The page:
AONTAS SENIOR LEARNER NETWORK
AONTAS Senior Learner Network Wednesday 26th May 2010
Creating a Logo for Senior Learning Niamh O’ Reilly | Head of Membership Services AONTAS | The National Adult Learning Organisation Second Floor | 83 – 87 Main Street | Ranelagh | Dublin 6 | Ireland Ph: 01 4068220 | Fax: 01 4068227 E-mail: firstname.lastname@example.org | Web: www.aontas.com Charity Reg: 6719 | Company Reg: 80958 0
1. Introduction The forth AONTAS Senior Learner Network meeting took place in the Davenport Hotel, during the Bealtaine Festival on Wednesday May 26th. The theme for the meeting was creating a logo for senior learning. The reason for doing this is that at the last meeting, in September, the Network discussed how to move ahead with the Senior Learner Manifesto 1. One of the proposed actions which would help address manifesto point 2: Creating and distribute information on the learning opportunities for older learners in every community – is the creation of a logo which identifies that the course is aimed at older people. Therefore this was the basis for the meeting as it moves on implementing the manifesto and is also creative, because the learners will create the logo, and therefore fits into the criteria of the Bealtaine festival.
Why create and use the logo?
It will be a collective activity and outcome of the senior learner network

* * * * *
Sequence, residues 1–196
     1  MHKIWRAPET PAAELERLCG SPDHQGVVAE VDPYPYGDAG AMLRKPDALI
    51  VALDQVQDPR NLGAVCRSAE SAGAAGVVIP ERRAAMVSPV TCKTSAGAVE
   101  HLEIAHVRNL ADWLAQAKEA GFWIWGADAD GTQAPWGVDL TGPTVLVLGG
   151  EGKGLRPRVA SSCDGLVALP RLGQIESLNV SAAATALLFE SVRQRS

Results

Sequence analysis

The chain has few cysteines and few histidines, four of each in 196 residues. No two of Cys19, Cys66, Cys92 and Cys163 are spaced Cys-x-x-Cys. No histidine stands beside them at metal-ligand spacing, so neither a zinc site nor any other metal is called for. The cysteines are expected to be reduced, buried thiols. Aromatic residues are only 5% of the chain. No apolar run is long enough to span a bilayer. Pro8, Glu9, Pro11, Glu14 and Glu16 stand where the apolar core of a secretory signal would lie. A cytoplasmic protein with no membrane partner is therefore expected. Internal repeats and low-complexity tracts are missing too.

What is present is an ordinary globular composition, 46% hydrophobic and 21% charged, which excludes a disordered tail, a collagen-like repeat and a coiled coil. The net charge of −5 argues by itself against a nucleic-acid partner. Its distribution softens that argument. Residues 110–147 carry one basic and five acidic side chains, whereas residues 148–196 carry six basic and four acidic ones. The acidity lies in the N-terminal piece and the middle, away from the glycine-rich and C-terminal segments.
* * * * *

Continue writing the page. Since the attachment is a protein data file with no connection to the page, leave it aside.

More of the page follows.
This will ensure that senior learners will be able to identify courses that suit them
This will ensure that education providers will adopt good practice when providing courses for older people.
This logo will represent the senior learners’ charter as education providers that use the logo will adhere to the following criteria:
Senior Learners' Charter 1 This course enhances an older person's quality of life and responds to learners' aspirations. 2 The importance of information technology in facilitating greater independence is recognised and incorporated, where possible. 3 The learning process recognises different experiences of people, different learning styles and the different levels and types of progress. 4 This learning environment is safe and supportive, confidence is nurtured, praise and encouragement given and a group learning approach is taken. 5 The wisdom of older people is valued and drawn upon during the learning process.
A list of the outcomes is detailed on page 9 and 10 of meeting three report.
AONTAS SENIOR LEARNER NETWORK
2. Overview of the Day In order to see the progress of the Network, Niamh Oâ€™Reilly provided an overview of the work of the Network so far. The importance of linking with other organisations involved in older people was highlighted such as Active Retirement Ireland, Age and Opportunity, Age Action (U3A), Older and Bolder and the Older Womenâ€™s Network. The development of the work over the 3 senior learner network meetings was outlined (this is documented in the third report of the Senior Learner Network). Liam Kilbride gave an input about what is in a logo, what images they conjure up and their meaning and significance as a basis to inform the practical work. He provided a selection of logos and asked participants what they signify to them. Liam Kilbride and participants